In February, I turned a corner - just not a great one. After six years of reading glasses, I knew my eyesight was not quite right. It had deteriorated and I needed varifocals to correct my vision. Without new glasses, I would not be able to see how things really were. I think it is time for everyone to put on some glasses, as our eyesight is defective, and we need to see other people as they really are.
Over the last few weeks the issue of racism has come sharply into focus. The sad reality is that it took the death and appalling treatment of George Floyd for it to come into such sharp focus. The 8 minutes and 46 seconds that George Floyd’s neck was knelt on should never have happened. The other police officers should not have stood around for 8 minutes and 46 seconds and done nothing to stop it. Yet, how many times have we stood around for 8 minutes and 46 seconds and done nothing? The reality is, our 8 minutes and 46 seconds have lasted a lot longer. Our silence, our lack of action, our failure to support our neighbour who needs us, is our equivalent of standing by and watching.
Jesus told a story about a good Samaritan who stopped to help a Jewish man who had been attacked on the road from Jerusalem to Jericho. It was known as “The Way of blood” due to the number of people attacked on the road by robbers. The Jewish man is left beaten to the point of death and stripped. A Levite and a priest both see the man and hurry along the road without doing anything. The third person to see the man is a Samaritan, sworn enemies of the Jews. It is hard to overestimate the hatred between the Jews and the Samaritans. When the Samaritan becomes the hero of the story, it would have been an afront to the listeners. Jesus was very clear, “You go, then, and, do the same”, we should act like the Samaritan. Would Jesus have stood on the side lines for 8 minutes and 46 seconds? No. Would he have allowed the 8 minutes and 46 seconds to last a lifetime whilst he did nothing? No. On that basis alone, anyone who claims to know Jesus, needs to follow His example.
Our trouble is we group people and take away their identity. We turn people from individuals into groups of “Them” and “They” and we become “Us”. Many years ago, I worked in a residential home for people with learning difficulties. Each week we would take a few of the people living in the house to the supermarket. On numerous occasions, people came up to me and loudly said things like “You are amazing for working with people like these”, or “You must be very patient to work with these people”. I seem to remember my answers normally ranged from “Why would that be?” to “Not really” to “You do realise they are not deaf?” I was with a group of individuals of different characters and interests, but the other person saw them as a group who were different and lumped them all together. They were no longer individuals, they had become “Them”. We are prone to be wary of difference, not celebrate it. Yet, Jesus calls us to welcome everyone, regardless of background or difference. The Church should be the most welcoming place on the planet, but unfortunately, we all fall short and that is not everyone’s experience.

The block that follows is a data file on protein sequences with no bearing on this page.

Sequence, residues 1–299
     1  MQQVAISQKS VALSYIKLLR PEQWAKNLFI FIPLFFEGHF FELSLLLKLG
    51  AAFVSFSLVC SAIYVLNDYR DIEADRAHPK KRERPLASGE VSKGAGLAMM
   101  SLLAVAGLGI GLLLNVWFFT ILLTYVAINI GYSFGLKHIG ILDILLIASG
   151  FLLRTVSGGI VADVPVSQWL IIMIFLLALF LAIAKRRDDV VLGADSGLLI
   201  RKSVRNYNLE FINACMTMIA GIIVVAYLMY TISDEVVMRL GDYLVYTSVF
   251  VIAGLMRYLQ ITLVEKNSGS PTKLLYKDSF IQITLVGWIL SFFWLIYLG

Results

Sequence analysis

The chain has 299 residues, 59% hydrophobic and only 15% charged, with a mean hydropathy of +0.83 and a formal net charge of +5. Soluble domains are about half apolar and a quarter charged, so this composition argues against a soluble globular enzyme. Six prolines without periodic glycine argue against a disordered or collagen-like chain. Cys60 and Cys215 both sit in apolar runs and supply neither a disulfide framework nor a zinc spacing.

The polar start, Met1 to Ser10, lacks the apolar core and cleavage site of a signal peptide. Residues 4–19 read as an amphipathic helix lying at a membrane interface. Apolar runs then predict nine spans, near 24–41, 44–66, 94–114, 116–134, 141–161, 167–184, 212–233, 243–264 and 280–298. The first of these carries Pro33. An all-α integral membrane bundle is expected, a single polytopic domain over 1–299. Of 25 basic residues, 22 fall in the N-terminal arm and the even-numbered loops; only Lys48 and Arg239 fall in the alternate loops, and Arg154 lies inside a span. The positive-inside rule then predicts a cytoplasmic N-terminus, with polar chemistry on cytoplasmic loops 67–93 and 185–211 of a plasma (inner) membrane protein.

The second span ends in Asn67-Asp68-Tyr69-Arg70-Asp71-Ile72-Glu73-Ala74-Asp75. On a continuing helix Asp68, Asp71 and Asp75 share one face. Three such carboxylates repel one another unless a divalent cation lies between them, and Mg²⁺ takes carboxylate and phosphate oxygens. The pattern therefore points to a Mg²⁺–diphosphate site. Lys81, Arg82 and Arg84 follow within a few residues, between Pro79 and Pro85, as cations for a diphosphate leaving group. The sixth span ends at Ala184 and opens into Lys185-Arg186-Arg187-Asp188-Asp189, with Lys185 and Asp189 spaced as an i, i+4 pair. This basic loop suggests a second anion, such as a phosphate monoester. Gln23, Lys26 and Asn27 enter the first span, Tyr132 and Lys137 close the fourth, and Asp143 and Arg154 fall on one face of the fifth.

We all fall into the trap of seeing difference and reacting badly to it. We all prejudge and make assumptions of other people based on our upbringing, our friends, the media and the world around us. One of my all-time heroes is Martin Luther King Jnr. He once said, “People fail to get along because they fear each other; they fear each other because they don't know each other; they don't know each other because they have not communicated with each other.” Our unconscious barriers and the very real social boundaries we have erected, prevent us from communicating effectively with each other.
It is easy to argue that all lives matter, and not just black lives. This is true, and I think anyone campaigning for black lives matter will agree. But, when I am campaigning for disability rights, no one claims I should be campaigning for rights for all. I am standing with my friends who need my support due to the discrimination they have faced for their disabilities. Campaigning for them does not mean no one else matters. We do all matter, but sometimes we need to address the single, presenting need. Will I continue to fight for equality for my disabled friends? Yes. Will I continue to stand with my Polish friends who have faced abuse for the country they were born in? Yes. But at this moment, I believe that it is important to stand with my black friends and declare that their lives matter. I am standing with friends like Sam and Charlene, whom we have heard from in the previous two blogs and am declaring enough is enough.
I am in no way perfect, if we can be truly honest with ourselves, we recognise we all have blind spots and prejudices. I have as many as the next person. Our challenge is identifying them and working on changing them. The danger is, if we don’t, we all miss out. We are at our best when we live in relationship, that is what makes us human. The former Archbishop of Cape Town, Desmond Tutu once said “Africans believe in something that is difficult to render in English. We call it ubuntu, botho. It means the essence of being human. You know when it is there and when it is absent. It speaks about humanness, gentleness, hospitality, putting yourselves out on behalf of others, being vulnerable. It embraces compassion and toughness. It recognises that my humanity is bound up in yours, for we can only be human together.” I choose to be human and therefore black lives matter.
By Paul Bennett